Born in Mexico City, Beatriz Camargo arrived in the U.S. when she was nine years old, when her father, an agricultural worker, obtained his residency status and brought over his wife and five children. She recalls how hard was for the children in the beginning years, until they learned the language and integrated in the educational system. In just a short while, Beatriz and her older sister became the family’s interpreters and the parents became dependent on the girls’ language skills. Beatriz loved school and the opportunities it brought in her life, and her mom and dad understood the importance of education. The summer she enrolled in the Adelante Program for high school students, Beatriz walked through SRJC for the first time. The program provides non-credit summer classes for economically disadvantaged students from local schools. As a teenager, Beatriz says she felt privileged to discover and access the pool, the football field, the photography lab and other resources the college had available. Soon, she felt the desire to be a part of the place that allowed and encouraged students’ curiosity.
With no financial resources, Beatriz built up her courage and enrolled at SRJC in the Puente Program. She found herself fascinated by science and math. When she said in class that she wanted to be an astronaut, nobody laughed and faculty members encouraged her to pursue this interesting and challenging career. MESA program was a further natural choice, and she continued to attend classes even after she started her own family. After graduating from her JC program, her husband motivated her to pursue a university degree, and she majored in Sociology at Sonoma State University.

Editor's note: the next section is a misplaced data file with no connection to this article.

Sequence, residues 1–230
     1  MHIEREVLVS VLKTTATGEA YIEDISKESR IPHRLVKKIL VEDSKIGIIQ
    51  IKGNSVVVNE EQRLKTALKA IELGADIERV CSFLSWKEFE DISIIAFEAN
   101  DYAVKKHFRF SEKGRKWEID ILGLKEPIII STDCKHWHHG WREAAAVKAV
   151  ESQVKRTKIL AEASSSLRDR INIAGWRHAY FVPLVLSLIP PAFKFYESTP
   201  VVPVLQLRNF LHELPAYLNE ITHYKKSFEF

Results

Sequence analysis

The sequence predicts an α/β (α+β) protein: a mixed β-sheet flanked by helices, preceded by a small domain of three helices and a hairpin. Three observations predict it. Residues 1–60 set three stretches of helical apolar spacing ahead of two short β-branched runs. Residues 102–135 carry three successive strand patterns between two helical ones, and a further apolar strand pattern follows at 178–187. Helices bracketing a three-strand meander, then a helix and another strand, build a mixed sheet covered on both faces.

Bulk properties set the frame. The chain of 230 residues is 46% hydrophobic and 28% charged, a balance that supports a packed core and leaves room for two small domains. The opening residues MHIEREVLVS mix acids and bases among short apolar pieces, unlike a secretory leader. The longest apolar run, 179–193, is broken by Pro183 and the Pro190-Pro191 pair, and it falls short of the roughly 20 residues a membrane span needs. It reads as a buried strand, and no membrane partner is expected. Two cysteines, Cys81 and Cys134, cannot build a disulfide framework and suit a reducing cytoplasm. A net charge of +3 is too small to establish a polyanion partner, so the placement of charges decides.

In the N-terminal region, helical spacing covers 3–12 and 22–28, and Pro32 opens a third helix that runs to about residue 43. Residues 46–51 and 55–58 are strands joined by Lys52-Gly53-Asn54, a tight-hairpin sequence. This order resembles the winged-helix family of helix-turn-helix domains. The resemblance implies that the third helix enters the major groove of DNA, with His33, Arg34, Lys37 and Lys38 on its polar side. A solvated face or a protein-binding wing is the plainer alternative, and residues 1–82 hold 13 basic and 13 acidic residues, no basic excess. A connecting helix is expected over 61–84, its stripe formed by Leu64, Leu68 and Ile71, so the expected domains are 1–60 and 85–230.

As many students have done, Beatriz started her work path at SRJC, too, first as a student employee for various JC departments, and later as an administrative assistant. When the college obtained funding from the Office of Migrant Education to start the High School Equivalency Program (HEP), Beatriz was the most qualified applicant for the job. As she says, it was a big challenge and took tremendous work to get the program going from zero. AT HEP, she is supporting non-traditional students as they progress toward their GEDs and follows up with them, as they get better jobs, better salary or more education. “We’re part of a program that is there for them, and makes sure they don’t fall through the cracks in the system,” she said. As the daughter of immigrant workers who rebuilt their lives from scratch in the U.S., Beatriz Camargo is a fervent advocate for college education and intimately knows the obstacles of underserved community members.